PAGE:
Let’s see what the deck looks like:


Standardized Testing

First of all, I got the chance to test this deck against Evolve Shaman specifically to make sure the deck was strong in the matchup, then I played some random ladder games:


Well, if you look at just the top rows, the results look fantastic! The only game we lost was one we got a bad draw and were expected to lose. Posting an 85% winrate against such a strong deck is very impressive.

However, uh… once you get to the bottom rows, it doesn’t look so great anymore. We literally were not able to beat any deck other than Evolve Shaman. What the heck happened?

Well, to start, we can catch a common theme- we’re consistently getting outvalued in the late game, even by aggro decks. Why is that? We have Elysiana + Sathrovarr, right? The problem is that our opponent’s high-value plays (Zul'jin, Shudderwock, N’Zoth) are powerful enough that they close out the game far too quickly. Even the N’Zoth Rogue deck beat us- sure, we can Plague of Death the first N’Zoth, but how are we gonna deal with the next 10?

Here we’ve hit the classic dilemma when building decks specifically targeted for one matchup. Our focus was a little too narrow, and that tunnel vision leads to the deck being poorly matched against the rest of the field. When building the deck, I’d theorized that Elysiana and Sathrovarr could help us go the distance, but the reality is that late-game win conditions need to put the opponent on a faster clock to stay competitive.


What Can We Change?

We should start by re-evaluating the deck’s win condition. The main package of removal and midrange creatures is very effective at beating Evolve Shaman- I didn’t ever need to play Elysiana or Sathrovarr in the Evolve matchup. Ideally, we want a package of cards that can help us compete in the late game without using up too many card slots, allowing us to keep the main portion of the deck intact. Let’s look at some ways to do that:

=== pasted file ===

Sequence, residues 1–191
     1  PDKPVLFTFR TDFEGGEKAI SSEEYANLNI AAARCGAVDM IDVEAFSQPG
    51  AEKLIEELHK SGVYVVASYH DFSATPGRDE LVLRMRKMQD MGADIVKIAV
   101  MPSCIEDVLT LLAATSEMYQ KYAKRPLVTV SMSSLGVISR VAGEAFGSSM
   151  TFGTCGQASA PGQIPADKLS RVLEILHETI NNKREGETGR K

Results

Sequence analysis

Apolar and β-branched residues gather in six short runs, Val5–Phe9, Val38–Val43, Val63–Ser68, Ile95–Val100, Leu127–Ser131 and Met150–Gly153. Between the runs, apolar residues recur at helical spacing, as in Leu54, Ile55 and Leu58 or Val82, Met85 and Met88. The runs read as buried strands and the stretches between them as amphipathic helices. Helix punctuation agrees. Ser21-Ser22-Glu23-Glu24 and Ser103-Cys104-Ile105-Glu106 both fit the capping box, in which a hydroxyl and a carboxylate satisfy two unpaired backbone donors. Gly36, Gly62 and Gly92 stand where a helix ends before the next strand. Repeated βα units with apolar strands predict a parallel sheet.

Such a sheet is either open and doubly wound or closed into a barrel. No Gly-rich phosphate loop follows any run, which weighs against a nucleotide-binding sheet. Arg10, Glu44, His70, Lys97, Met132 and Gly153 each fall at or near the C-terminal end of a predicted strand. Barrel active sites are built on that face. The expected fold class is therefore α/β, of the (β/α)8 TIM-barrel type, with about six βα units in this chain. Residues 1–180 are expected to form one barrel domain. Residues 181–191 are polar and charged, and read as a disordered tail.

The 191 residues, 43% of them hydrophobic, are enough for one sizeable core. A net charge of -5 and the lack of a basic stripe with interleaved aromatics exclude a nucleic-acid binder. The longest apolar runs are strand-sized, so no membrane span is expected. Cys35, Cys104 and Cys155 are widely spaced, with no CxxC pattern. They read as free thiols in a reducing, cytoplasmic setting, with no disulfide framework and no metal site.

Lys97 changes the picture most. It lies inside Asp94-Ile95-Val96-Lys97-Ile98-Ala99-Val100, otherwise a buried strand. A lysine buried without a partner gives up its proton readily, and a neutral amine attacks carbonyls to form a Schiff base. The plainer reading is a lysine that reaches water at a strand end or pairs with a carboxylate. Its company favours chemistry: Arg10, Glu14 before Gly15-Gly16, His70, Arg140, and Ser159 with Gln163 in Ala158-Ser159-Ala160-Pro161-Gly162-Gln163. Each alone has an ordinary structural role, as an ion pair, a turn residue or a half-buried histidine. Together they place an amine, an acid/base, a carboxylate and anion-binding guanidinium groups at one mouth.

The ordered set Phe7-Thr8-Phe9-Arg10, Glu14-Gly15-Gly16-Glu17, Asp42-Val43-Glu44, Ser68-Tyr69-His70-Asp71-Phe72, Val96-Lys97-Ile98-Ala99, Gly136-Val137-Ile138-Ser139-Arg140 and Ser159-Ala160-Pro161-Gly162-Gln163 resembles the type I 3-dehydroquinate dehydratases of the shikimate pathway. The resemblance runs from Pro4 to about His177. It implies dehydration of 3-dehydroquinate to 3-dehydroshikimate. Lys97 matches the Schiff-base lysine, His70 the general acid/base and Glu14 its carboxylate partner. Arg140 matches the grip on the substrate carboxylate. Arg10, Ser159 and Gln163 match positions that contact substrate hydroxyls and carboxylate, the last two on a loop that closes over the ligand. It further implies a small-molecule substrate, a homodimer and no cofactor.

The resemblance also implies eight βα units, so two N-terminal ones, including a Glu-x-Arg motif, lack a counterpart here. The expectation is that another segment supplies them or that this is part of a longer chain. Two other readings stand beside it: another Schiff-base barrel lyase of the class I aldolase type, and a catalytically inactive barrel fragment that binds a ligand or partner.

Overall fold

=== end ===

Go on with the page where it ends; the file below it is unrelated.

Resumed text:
There are a ton of other ways we could restructure this deck- shifting into a Resurrect strategy, for example- but that would require changing a lot of cards and could hurt the Evolve Shaman matchup, which is the point of this deck to begin with. Overall, my thoughts on this deck are that it has some potential, but unfortunately, with the current state of the meta and finisher cards, it seems unlikely that this deck will be able to compete super well in its current state.


That’s it for this week’s Meta Breaker! What did you think of today’s deck? How might you try and make it more Standard-viable? Let us know in the comments below.